Now in the depths of the wood there lived an old wolf bitch whose cubs had died in the storm. One day, as she was coming back from a fruitless day of hunting, she smelled the two children in the basket under the tree.
"What is this?" she asked. "Is it meat or mate?" And because her eyesight was poor, she thought she saw two wolf cubs lying in the basket.
"The poor darlings!" she cried. "I will take them home with me." So she took the basket in her mouth, and brought them home to her den. Soon after, the wolf bitch realized her mistake, but because they were small and helpless, she decided to raise the children as her own. The girl she named Thistle, for her hair was like thistledown, and the boy she named Thorn, for he had once pulled a thorn from her coat.
A fortnight later, her mate came home from many days hunting. And when he smelled the two babies, his mouth began to water. "I smell sweet young meat!" he growled. "Give it to me!" But the old bitch quickly wrapped the babies in the skins of her dead cubs, and passed them under the wolf's nose.
"You old fool!" she cried. "Don't you know your own cubs? See the fine ears and long tails? How could cubs as handsome as these be anything but your own?"
The wolf, flattered by her words and confused by the smells, turned aside and let them stay. And the wolf bitch spoke to Thistle and Thorn in the language of wolves, saying:
"From this day forth you must always wear these skins when my mate is at home. For if he finds you without them, he will surely devour you whole!" And the children, frightened of the great wolf, did as they were told.
When they were old enough, the wolf bitch took Thistle and Thorn out hunting with her, clad in the skins of her dead cubs. They learned to kill without mercy and take what they needed, and they grew up as wolves are raised, fast and fierce, and cunning and strong.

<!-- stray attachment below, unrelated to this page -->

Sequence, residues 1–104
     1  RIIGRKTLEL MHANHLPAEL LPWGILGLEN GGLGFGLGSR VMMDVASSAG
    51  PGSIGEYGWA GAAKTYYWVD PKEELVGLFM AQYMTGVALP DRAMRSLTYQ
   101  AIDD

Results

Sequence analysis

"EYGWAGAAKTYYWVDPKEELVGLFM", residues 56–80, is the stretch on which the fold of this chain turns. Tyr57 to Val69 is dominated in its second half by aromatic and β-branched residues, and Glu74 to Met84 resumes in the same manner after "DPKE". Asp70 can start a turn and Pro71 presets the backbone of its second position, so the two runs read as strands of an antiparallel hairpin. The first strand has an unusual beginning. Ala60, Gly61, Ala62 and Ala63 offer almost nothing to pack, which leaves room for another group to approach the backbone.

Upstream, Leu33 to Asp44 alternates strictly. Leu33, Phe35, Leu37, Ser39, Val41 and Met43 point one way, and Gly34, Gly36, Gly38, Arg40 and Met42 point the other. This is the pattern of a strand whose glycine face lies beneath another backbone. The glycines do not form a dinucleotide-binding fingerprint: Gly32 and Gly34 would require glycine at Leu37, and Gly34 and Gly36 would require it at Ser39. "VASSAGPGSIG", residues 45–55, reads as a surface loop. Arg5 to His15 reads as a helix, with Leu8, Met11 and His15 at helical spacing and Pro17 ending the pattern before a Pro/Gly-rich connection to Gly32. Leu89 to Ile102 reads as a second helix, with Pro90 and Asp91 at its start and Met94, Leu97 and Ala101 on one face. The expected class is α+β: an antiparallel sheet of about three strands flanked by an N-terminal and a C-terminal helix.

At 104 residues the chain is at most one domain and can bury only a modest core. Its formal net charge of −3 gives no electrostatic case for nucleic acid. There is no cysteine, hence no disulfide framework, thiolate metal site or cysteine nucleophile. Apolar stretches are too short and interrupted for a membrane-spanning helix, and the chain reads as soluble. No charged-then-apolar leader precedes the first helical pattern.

One day, Thistle and Thorn came home from hunting to find the wolf bitch lying on the ground, with an arrow through the heart.
"A hunter has killed me," she cried. And Thorn began to cry, and Thistle to weep. But the wolf bitch told them sternly: "Listen to me! When I am dead, you must skin me, and share my skin between you, and wear it so that my mate will not know you are human children." For the children had long since outgrown the skins of the wolf cubs.
And when she died, the two children cried loud and long, and then did as she bid them with her dying wish, and dressed themselves in her skin.
For a long time, they were able to fool the wolf. But one fine spring day, he returned home from many days of hunting to find Thistle and Thorn playing naked in the sun, without the wolf–skin on.
"I smell sweet young meat!" he cried, and sprang upon Thorn, who was nearest. But Thistle threw herself between the wolf and her brother, calling out:
"Run, Thorn! Run away! I will keep the wolf at bay!"
And the wolf turned upon Thistle, and Thorn was able to escape. But the wolf was too fast, and Thistle was unable to outrun the wolf. Thorn wanted to save his sister, but his heart was filled with fear of the great wolf, and so he ran away instead. And the wolf swallowed Thistle whole, and then ran after Thorn.